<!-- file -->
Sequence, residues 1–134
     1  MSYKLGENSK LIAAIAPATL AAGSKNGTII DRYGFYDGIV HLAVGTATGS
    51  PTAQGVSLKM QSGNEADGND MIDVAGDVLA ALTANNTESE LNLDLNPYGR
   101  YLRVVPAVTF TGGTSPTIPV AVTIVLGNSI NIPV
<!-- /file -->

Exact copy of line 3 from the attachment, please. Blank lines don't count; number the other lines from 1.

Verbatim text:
    51  PTAQGVSLKM QSGNEADGND MIDVAGDVLA ALTANNTESE LNLDLNPYGR